73 found
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  1.  62
    Experiment, Right or Wrong.Allan Franklin - 1990 - Cambridge University Press.
    In Experiment, Right or Wrong, Allan Franklin continues his investigation of the history and philosophy of experiment presented in his previous book, The Neglect of Experiment. Using a combination of case studies and philosophical readings of those studies, Franklin again addresses two important questions: What role does and should experiment play in the choice between competing theories and in the confirmation or refutation of theories and hypotheses? How do we come to believe reasonably in experimental results? Experiment, Right or Wrong (...)
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  2.  18
    Selectivity and Discord: Two Problems of Experiment.Allan Franklin - 2002 - University of Pittsburgh Press.
    Specifically, Allan Franklin is concerned with two problems in the use of experimental results in science: selectivity of data or analysis procedures and the resolution of discordant results.
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  3.  56
    Why Do Scientists Prefer to Vary Their Experiments?Allan Franklin - 1984 - Studies in History and Philosophy of Science Part A 15 (1):51.
  4.  26
    Experiment in Physics.Allan Franklin - 2007 - In Edward N. Zalta (ed.), The Stanford Encyclopedia of Philosophy.
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  5.  73
    How to Avoid the Experimenters' Regress.Allan Franklin - 1994 - Studies in History and Philosophy of Science Part A 25 (3):463-491.
  6. Bayesian Conditionalization and Probability Kinematics.Colin Howson & Allan Franklin - 1994 - British Journal for the Philosophy of Science 45 (2):451-466.
  7.  62
    The Theory-Ladenness of Experiment.Allan Franklin - 2015 - Journal for General Philosophy of Science / Zeitschrift für Allgemeine Wissenschaftstheorie 46 (1):155-166.
    Theory-ladenness is the view that observation cannot function in an unbiased way in the testing of theories because observational judgments are affected by the theoretical beliefs of the observer. Its more radical cousin, incommensurability, argues that because there is no theory-neutral language, paradigms, or worldviews, cannot be compared because in different paradigms the meaning of observational terms is different, even when the word used is the same. There are both philosophical and practical components to these problems. I argue, using a (...)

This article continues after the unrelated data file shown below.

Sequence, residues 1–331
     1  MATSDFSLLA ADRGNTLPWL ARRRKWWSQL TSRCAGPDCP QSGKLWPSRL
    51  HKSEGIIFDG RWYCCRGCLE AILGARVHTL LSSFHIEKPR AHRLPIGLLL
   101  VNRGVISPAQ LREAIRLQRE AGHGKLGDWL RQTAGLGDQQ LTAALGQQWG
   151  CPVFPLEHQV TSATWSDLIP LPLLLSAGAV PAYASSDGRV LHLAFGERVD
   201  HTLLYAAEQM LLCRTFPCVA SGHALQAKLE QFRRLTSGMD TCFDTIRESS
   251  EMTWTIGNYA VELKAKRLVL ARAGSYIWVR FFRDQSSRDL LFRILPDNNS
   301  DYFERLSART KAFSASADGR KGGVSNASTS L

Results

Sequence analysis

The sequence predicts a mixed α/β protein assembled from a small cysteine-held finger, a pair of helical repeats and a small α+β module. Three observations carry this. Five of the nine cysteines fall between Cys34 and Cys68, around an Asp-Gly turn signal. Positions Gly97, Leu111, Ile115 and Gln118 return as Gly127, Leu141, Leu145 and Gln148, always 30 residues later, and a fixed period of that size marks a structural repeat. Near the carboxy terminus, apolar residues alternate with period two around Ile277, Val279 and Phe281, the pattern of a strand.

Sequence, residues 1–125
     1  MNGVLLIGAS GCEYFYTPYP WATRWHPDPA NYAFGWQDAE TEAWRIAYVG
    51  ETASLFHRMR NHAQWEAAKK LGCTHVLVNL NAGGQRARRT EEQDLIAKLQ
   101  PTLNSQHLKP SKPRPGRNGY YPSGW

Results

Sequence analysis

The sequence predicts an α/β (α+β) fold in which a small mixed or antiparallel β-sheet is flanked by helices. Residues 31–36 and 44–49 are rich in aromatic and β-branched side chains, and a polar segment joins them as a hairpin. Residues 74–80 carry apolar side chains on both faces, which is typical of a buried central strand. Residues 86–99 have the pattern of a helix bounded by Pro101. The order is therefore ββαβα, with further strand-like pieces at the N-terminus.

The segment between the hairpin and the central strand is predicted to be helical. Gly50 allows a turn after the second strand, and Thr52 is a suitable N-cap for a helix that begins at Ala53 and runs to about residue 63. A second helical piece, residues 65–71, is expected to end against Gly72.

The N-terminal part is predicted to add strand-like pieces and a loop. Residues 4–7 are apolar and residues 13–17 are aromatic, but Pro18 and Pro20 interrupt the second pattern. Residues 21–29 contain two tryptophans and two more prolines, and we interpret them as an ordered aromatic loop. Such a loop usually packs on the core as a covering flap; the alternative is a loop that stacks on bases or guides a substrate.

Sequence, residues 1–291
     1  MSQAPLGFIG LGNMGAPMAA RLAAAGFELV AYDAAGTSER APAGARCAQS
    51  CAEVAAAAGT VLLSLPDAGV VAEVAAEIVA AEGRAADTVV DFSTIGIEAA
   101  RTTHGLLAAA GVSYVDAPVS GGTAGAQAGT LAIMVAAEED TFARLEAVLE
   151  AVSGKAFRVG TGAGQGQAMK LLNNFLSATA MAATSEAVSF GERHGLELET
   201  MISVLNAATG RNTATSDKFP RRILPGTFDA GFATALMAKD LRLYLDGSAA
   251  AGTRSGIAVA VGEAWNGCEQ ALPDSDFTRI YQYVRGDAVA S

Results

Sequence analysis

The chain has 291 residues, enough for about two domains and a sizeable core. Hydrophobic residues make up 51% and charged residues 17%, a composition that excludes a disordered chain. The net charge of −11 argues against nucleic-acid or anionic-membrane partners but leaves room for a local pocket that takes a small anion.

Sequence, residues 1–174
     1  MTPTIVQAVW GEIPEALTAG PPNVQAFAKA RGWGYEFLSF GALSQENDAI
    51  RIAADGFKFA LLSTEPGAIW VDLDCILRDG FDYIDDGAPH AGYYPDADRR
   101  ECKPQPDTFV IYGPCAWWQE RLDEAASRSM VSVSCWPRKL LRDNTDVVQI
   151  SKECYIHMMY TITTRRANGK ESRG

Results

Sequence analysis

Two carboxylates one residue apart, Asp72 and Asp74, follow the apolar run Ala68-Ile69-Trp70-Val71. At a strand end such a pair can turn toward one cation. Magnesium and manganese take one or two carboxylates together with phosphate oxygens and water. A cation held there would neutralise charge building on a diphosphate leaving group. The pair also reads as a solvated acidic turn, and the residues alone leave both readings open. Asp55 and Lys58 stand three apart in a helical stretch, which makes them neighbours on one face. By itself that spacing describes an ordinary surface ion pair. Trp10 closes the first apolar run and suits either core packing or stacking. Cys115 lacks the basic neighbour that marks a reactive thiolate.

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  8. The Epistemology of Experiment. [REVIEW]Allan Franklin - 1984 - British Journal for the Philosophy of Science 35 (4):381-390.
  9.  94
    The Missing Piece of the Puzzle: The Discovery of the Higgs Boson.Allan Franklin - 2017 - Synthese 194 (2):259-274.
    The missing piece of the puzzle: the discovery of the Higgs boson On July 4, 2012 the CMS and ATLAS collaborations at the large hadron collider jointly announced the discovery of a new elementary particle, which resembled the Higgs boson, the last remaining undiscovered piece of the standard model of elementary particles. Both groups claimed to have observed a five-standard-deviation effect above background, the gold standard for discovery in high-energy physics. In this essay I will briefly discuss the how the (...)
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  10.  52
    Maher, Mendeleev and Bayesianism.Colin Howson & Allan Franklin - 1991 - Philosophy of Science 58 (4):574-585.
    Maher (1988, 1990) has recently argued that the way a hypothesis is generated can affect its confirmation by the available evidence, and that Bayesian confirmation theory can explain this. In particular, he argues that evidence known at the time a theory was proposed does not confirm the theory as much as it would had that evidence been discovered after the theory was proposed. We examine Maher's arguments for this "predictivist" position and conclude that they do not, in fact, support his (...)
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  11.  54
    What Makes a 'Good' Experiment?Allan Franklin - 1981 - British Journal for the Philosophy of Science 32 (4):367-374.
  12.  43
    It Probably is a Valid Experimental Result: A Bayesian Approach to the Epistemology of Experiment.Allan Franklin - 1988 - Studies in History and Philosophy of Science Part A 19 (4):419.
  13.  43
    A Bayesian Analysis of Excess Content and the Localisation of Support.Colin Howson & Allan Franklin - 1985 - British Journal for the Philosophy of Science 36 (4):425-431.
  14. The Rise and Fall of the "Fifth Force" Discovery, Pursuit, and Justification in Modern Physics.Allan Franklin - 1993
  15.  39
    The Discovery and Nondiscovery of Parity Nonconservation.Allan Franklin - 1979 - Studies in History and Philosophy of Science Part A 10 (3):201.
  16.  40
    Newton and Kepler, a Bayesian Approach.Allan Franklin - 1984 - Studies in History and Philosophy of Science Part A 16 (4):379.
  17. Comment on "the Structure of a Scientific Paper" by Frederick Suppe.Allan Franklin & Colin Howson - 1998 - Philosophy of Science 65 (3):411-416.
  18. Discovery, Pursuit, and Justification.Allan Franklin - 1993 - Perspectives on Science 1:252-284.
  19.  77
    Are Paradigms Incommensurable?Allan Franklin - 1984 - British Journal for the Philosophy of Science 35 (1):57-60.